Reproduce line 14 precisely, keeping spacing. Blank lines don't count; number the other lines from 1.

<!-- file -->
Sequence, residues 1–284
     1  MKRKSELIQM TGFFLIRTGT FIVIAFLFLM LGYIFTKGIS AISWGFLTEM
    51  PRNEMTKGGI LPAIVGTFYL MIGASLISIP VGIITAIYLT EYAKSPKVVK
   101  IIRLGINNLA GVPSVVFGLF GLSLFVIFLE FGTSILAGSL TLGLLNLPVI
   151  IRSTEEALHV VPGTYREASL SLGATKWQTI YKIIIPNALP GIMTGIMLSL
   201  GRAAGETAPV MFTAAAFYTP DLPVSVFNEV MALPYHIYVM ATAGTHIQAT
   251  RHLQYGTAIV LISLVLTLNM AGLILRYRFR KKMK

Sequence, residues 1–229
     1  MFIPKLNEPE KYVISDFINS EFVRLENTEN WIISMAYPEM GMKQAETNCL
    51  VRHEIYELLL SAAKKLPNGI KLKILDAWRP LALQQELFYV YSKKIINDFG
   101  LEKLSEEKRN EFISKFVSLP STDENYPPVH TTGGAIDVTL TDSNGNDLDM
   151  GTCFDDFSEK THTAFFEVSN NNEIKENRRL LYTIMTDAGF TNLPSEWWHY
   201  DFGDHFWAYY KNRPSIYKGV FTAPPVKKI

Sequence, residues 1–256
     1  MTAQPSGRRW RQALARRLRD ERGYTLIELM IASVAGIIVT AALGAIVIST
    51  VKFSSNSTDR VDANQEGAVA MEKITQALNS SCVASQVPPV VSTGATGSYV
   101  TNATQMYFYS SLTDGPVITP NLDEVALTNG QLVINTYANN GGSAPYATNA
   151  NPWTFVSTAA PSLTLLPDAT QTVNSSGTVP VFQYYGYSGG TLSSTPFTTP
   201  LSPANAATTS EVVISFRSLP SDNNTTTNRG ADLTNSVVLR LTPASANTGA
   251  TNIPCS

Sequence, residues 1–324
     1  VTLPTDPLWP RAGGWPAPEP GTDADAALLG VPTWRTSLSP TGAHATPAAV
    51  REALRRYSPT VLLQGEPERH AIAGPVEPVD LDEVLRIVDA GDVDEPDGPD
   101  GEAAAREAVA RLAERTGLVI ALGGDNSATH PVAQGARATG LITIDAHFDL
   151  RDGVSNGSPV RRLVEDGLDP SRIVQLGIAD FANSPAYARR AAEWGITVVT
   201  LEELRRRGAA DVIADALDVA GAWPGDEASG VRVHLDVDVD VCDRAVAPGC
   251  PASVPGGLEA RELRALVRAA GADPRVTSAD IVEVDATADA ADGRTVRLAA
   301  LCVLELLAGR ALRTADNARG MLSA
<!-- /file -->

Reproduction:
Sequence, residues 1–256